Covering the latest industry trends and an excellent source of thought leadership.
The problem with the old IT infrastructure, according to Federal CIO Vivek Kundra in Federal Cloud Computing Strategy:
“…low asset utilization, a fragmented demand for resources, duplicative systems, environments which are difficult to manage, and long procurement lead times.”
With a focus on improved operational efficiency and government service delivery, Kundra intends to allocate $20 billion of the U.S. government’s total $80 billion IT budget for cloud computing migration. His Cloud First policy requires government agencies to move at least three current projects to the cloud by mid-2012, and encourages the use of cloud services for any new projects. The intent behind the cloud computing strategy is to consolidate and reduce nearly 2,100 data centers by 40 percent by 2015 – resulting in an estimated $5 billion annual savings and a major reduction in energy expenditure (NYTimes.com).
In his Federal Cloud Computing Strategy document, he outlines the numerous benefits of moving to the cloud, including efficiency and agility – in their current IT environment, it would take years to build data centers for new services and months to increase the capacity of existing services. But with the cloud, they would experience almost immediate scalability with increases and reductions in capacity. This type of elasticity allows them to use only as much as they need, which is another issue when it comes to server use, which is typically less than 30 percent. Cloud computing increases server usage to 60-70 percent.
The government agencies have been responding – Homeland Security has worked private cloud computing into their 2011 budget in order to support their email system. The General Services Administration has also moved its email services to the cloud and expects to save $15 million over a period of five years.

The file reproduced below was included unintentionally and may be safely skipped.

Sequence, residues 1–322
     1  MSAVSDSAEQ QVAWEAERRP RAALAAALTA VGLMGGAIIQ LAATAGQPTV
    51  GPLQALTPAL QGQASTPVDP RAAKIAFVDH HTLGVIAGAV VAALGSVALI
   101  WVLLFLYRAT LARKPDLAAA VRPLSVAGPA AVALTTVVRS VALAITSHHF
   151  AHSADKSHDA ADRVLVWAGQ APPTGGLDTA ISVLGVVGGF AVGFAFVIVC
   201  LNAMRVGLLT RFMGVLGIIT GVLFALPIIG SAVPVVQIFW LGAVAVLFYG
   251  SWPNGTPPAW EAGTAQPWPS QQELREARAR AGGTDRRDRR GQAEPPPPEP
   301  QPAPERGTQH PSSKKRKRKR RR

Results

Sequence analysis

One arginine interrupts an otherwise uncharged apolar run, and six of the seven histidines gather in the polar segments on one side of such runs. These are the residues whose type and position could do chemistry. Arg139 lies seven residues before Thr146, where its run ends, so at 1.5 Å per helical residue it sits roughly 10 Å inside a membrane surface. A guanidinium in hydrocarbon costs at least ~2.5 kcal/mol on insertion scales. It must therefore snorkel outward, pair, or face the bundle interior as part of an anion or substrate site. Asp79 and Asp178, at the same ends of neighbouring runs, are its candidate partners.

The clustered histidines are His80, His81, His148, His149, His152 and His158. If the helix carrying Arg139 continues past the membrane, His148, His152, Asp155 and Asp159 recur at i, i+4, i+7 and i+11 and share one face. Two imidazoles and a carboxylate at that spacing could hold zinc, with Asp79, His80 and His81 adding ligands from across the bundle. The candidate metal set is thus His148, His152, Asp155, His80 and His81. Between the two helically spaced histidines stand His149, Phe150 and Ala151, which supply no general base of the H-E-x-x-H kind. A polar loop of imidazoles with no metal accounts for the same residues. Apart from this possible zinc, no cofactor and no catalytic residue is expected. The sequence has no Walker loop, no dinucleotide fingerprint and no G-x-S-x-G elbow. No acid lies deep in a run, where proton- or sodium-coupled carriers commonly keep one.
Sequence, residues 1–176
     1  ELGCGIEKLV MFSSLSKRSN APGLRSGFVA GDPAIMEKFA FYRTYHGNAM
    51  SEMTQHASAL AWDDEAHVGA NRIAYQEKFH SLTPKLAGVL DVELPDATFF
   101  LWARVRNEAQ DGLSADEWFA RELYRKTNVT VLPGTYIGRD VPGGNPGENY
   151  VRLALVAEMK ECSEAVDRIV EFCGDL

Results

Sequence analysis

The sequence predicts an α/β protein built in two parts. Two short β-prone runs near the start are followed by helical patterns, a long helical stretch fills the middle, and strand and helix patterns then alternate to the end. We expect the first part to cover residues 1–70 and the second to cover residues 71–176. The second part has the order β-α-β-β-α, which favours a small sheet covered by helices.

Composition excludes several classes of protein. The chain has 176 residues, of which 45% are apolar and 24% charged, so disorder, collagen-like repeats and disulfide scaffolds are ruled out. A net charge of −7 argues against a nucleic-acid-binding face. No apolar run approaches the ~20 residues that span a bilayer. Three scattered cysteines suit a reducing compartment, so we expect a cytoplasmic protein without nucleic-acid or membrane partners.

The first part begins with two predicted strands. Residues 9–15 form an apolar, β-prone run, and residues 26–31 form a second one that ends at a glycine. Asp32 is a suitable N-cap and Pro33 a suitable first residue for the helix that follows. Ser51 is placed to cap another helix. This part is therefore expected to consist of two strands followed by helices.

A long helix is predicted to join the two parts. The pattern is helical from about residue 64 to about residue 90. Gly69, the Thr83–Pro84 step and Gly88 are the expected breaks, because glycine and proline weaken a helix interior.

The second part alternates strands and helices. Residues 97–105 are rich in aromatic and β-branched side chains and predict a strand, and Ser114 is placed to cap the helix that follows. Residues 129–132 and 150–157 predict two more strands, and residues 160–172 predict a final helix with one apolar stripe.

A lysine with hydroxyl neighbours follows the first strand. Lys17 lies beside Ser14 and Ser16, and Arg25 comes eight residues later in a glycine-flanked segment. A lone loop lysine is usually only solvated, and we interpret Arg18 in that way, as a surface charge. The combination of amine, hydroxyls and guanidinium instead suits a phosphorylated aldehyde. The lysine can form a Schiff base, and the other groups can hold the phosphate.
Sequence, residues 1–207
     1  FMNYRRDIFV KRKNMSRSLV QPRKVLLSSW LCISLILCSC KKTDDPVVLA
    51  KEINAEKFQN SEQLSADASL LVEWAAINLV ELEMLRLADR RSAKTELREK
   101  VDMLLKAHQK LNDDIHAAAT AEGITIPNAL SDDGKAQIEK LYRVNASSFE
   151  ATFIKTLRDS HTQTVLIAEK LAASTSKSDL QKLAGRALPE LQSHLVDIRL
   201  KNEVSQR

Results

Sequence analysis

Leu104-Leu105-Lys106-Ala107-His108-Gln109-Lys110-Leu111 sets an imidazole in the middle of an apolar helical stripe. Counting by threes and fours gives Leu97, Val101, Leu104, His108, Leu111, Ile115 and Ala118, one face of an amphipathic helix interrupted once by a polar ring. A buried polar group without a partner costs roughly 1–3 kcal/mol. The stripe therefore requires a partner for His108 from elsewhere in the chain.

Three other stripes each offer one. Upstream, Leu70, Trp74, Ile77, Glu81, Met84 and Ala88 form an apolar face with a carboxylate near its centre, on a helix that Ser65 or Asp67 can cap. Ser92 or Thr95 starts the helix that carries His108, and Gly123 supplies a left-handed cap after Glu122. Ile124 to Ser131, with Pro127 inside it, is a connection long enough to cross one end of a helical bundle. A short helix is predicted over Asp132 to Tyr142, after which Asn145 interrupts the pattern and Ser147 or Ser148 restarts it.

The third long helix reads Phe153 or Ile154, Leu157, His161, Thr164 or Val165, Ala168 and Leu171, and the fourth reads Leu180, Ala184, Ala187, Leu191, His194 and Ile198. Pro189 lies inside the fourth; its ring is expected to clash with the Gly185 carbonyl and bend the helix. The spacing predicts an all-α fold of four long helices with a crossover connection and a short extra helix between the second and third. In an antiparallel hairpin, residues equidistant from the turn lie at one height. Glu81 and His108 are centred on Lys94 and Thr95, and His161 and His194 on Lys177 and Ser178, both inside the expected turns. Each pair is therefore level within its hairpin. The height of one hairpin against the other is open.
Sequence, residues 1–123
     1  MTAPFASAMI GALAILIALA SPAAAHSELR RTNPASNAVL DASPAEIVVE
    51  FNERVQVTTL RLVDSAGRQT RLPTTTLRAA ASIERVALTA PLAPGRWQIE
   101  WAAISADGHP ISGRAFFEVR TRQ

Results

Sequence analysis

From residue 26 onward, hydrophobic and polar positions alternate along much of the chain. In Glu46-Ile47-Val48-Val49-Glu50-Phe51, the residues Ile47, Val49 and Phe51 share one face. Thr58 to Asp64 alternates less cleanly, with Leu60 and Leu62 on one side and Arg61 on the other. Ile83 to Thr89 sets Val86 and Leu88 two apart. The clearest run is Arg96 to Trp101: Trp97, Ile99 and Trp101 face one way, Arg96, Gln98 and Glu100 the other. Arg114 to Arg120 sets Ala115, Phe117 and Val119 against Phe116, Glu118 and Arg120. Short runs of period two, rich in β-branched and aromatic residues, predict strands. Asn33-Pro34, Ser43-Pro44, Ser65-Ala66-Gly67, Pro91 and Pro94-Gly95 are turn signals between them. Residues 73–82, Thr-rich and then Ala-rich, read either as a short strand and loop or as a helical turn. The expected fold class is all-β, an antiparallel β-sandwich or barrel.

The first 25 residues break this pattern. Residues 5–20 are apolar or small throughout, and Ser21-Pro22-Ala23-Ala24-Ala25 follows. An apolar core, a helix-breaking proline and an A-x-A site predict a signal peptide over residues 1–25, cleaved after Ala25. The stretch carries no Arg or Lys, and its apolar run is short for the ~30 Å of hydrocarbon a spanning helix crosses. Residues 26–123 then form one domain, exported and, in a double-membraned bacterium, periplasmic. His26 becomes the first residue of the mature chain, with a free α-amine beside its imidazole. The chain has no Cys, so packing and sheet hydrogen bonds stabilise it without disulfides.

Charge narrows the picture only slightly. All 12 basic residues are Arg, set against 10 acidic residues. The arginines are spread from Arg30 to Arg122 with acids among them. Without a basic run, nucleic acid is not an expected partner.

GSA Initial Investment: $6.9 million
GSA Total Savings: $15.2 million over period of 5 years
The benefits not only include cost-savings, but streamlined productivity with the ability to scale projects without any major infrastructure changes, as Chris Smith, the Agricultural Department’s information chief reported to the New York Times. The Department of Agriculture switched to the cloud late last year to support their email system.
Kundra cites an interesting example of how traditional IT infrastructures can deplete budgets and malfunction due to underestimated system demands. The “Cash-for-Clunkers” or Car Allowance and Rebate System anticipated 250,000 transactions but instead received 690,000 transactions. The program suffered from outages and service disruptions within just the first three days of dealer registrations and the budget had to be tripled.
Cloud computing introduces a solution by allowing agencies to quickly scale up to meet demand. Read more about the CARS case and the government’s plan in the Federal Cloud Computing Strategy document.
Federal Government Departments Finally Making Moves to Cloud
The Pros and Cons of the Federal Push Toward the Cloud
US Government Adopts ‘Cloud-First’ Policy
Feds Plan More Competition for IT Business
White House Names a New Chief of Information Technology
U.S. to Close 800 Computer Data Centers